News and Comments Wednesday 28 November 2012
|Fiji Times publisher Hank Arts, me, and editor Fred Wesley|
Apted explained that the deputy sports editor had reviewed the story and made a wrong decision as he was not aware of the legal implications.Following the incident, the newspaper has instituted further training and constant newsroom meetings.He said the rule of the newsroom now is that if you cannot get a story reviewed, leave it out of the paper. Apted said further steps are being taken to strengthen the system.He said that every day at 8pm, the general manager and the publisher are sent a list of stories with a summary.
The Fiji Times position was made more difficult because of its failure to attract staff at the editorial level and recent losses of senior people. Justice Callanchini said the systems should have been in place before this incident took place. Apted asked that the penalties should not be excessive and there should not be any imprisonment as this was a mistake by a third party.
Acting Solicitor-General Sharvada Sharma asked the High Court to impose a $500,000 fine and six months imprisonment for publisher Hank Arts and Editor-in-Chief Fred Wesley. Sharma said The Fiji Times ccommitted a similar offence in 2009 where they were fined $100,000. he said an appropriate penalty needs to be imposed on the company to ensure that it serves as a deterrent for would be offenders.The judgement will be delivered on notice by Justice Callanchini.
I think the judge should impose a notional fine, say $10,000 as Apted suggests, and move on. The evolving situation in Fiji calls for more freedom, and more responsible reporting, A significantly larger fine —and any imprisonment— will seem unnecessarily vindictive and be unhelpful as Fiji struggles to move forward. Click this link for fuller Fiji Times coverage. I will report on my interviews with the Fiji Times and the Fiji Sun sometime soon.
HELLO FIJI. ARE YOU STILL THERE? At long last Fiji has resurfaced in the NZ media but guess what they have published? Radio NZInternational quotes the National President of the Farmers Union, Surendra Lal, on the proposed tax free zone along Kings Road from Korovou to Rakiraki, saying he doesn’t think there is much opportunity for huge developments. And Michael Field says the Fiji Government wants the Fiji Times Editor jailed for re-printing a story first published in New Zealand's Murdoch-owned Sunday Star-Times that claimed there was "no judiciary in Fiji and that the place was run by a military regime."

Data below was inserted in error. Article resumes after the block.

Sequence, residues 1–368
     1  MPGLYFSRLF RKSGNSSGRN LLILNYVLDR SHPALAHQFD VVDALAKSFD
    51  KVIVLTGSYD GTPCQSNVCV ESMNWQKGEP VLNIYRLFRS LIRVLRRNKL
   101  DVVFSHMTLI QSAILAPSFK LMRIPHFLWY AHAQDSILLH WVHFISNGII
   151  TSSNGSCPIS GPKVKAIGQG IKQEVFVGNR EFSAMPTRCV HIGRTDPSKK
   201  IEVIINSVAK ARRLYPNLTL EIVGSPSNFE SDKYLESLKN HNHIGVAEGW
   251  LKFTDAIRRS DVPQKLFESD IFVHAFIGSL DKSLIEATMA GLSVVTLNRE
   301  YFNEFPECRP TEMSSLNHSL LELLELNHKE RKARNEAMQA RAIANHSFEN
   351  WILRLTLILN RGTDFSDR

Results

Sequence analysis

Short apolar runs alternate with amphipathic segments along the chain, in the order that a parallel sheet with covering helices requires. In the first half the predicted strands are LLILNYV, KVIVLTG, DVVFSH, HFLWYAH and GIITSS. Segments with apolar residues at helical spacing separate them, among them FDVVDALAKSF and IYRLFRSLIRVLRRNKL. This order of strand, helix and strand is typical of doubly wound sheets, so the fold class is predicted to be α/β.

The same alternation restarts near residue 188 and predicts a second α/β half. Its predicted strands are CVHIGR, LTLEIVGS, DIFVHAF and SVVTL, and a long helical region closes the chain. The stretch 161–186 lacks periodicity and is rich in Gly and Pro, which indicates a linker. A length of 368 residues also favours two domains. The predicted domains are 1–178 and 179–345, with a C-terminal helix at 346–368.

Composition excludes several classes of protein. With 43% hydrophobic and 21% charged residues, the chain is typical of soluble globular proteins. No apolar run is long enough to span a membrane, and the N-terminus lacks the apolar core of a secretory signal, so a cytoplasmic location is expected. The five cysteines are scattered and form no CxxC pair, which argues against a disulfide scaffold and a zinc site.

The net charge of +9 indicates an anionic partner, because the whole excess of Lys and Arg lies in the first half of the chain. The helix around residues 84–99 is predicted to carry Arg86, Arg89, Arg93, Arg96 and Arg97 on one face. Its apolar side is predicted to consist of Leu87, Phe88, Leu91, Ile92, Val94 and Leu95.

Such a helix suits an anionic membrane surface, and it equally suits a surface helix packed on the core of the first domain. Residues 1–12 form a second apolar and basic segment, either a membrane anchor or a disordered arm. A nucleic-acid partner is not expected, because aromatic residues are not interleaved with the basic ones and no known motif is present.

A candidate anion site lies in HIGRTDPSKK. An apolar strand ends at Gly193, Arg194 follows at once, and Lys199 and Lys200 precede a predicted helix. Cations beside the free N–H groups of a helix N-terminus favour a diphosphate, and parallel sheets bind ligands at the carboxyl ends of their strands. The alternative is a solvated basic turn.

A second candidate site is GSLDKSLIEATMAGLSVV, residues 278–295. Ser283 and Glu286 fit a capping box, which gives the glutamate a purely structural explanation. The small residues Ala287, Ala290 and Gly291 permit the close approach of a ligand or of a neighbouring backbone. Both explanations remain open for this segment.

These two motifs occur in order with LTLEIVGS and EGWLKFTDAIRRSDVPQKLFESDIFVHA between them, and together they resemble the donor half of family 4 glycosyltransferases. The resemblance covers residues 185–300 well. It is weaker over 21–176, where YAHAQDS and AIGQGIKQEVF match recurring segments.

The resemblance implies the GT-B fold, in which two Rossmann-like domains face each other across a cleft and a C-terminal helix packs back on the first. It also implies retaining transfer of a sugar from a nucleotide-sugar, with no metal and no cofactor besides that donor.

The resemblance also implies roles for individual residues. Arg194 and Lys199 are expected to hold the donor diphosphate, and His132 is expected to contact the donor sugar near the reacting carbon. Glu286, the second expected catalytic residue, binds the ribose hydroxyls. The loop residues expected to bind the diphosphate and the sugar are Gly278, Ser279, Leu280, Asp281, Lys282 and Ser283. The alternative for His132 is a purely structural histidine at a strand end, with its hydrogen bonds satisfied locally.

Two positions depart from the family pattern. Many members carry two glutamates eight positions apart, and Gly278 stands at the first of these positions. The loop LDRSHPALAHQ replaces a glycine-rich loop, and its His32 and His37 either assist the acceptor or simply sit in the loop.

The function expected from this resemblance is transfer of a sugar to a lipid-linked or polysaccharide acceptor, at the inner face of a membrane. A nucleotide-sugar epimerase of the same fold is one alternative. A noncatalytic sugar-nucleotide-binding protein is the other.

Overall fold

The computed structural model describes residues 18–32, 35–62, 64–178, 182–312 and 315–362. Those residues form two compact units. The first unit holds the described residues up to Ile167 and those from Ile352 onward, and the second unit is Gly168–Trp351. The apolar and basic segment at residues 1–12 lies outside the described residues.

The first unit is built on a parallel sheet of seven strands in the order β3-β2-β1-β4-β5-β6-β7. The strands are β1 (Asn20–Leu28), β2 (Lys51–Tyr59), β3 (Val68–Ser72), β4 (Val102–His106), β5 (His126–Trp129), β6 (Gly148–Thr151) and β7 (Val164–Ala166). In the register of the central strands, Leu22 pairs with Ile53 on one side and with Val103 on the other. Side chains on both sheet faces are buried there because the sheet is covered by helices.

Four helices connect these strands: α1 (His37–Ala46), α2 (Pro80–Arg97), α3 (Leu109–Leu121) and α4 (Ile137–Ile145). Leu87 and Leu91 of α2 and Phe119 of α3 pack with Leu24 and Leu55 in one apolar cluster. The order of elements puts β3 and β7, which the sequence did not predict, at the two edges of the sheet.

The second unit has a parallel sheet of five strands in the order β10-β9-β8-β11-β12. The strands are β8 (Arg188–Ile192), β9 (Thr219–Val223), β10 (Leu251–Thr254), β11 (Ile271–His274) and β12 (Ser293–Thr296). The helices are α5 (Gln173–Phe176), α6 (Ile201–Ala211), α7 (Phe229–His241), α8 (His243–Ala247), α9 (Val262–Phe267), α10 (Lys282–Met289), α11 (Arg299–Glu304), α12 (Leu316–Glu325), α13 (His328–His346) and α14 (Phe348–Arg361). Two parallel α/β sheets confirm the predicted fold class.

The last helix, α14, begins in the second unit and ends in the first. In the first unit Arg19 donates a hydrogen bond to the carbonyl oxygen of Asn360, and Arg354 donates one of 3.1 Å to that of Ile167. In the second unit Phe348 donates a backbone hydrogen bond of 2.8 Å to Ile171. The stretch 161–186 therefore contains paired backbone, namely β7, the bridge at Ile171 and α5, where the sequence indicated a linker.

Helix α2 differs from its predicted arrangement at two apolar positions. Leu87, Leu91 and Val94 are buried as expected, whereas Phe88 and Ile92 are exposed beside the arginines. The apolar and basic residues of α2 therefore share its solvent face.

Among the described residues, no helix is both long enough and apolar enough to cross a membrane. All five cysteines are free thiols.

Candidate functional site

Not reported was anything substantial on the Budget. Or Fiji's standing by the Kyoto Agreement on climate change, that NZ has all but abandoned. Or that a prominent blogger was recently in Fiji and has some things to say contrary to those typically published in the NZ media. My golfing friends, thanks to old TV film footage, remain unconvinced the military is not still occupying Suva. I'm sure, had I denounced Bainimarama or said anything to support the false TV images, the phone would not have stopped ringing. So much for media freedom and responsible reporting in NZ.
MILITARY YET TO GIVE SUBMISSION. Chief of Staff, Brigadier General Mohammed Aziz, says the submission will be given to the Constitution Commission and arrangements are being made. But why so late?The deadline for the submissions ended in early October, and the Commission is expected to complete its draft before Christmas. The draft will be presented to the President in early January before being put to the Constituent Assembly,
THE CONSTITUENT ASSEMBLY. Government has said the composition of the assembly shall reflect the diversity of the people of Fiji and include but not limited to the government, registered political parties, faith-based organizations, employers representatives, trade unions, farmers and members of the rural community, the military, national organizations, women, persons with disability, youth, pensioners and other civil society groups.
Once approved by the Assembly, the document go to a tribunal that will consider whether the immunity provisions and other matters are contained in the draft. Within seven days of receipt of the draft constitution and the report of the tribunal, the Constituent Assembly shall make the necessary amendments in accordance with the report of the tribunal and shall present draft constitution back to the President.The new constitution shall come into effect on the day following the date of assent by the President, subject to any provision in the constitution that postpones this date.The work of the Constituent Assembly is expected to be completed by late March 2013.